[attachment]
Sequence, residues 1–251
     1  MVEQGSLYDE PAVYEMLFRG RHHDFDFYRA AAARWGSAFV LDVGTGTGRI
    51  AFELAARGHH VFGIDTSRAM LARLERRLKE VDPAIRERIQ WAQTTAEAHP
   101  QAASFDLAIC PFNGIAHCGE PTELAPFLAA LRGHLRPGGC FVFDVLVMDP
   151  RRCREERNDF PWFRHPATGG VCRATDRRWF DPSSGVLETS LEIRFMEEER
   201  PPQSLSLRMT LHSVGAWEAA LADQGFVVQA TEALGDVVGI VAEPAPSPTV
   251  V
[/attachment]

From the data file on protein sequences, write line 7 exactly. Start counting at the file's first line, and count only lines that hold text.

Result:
   251  V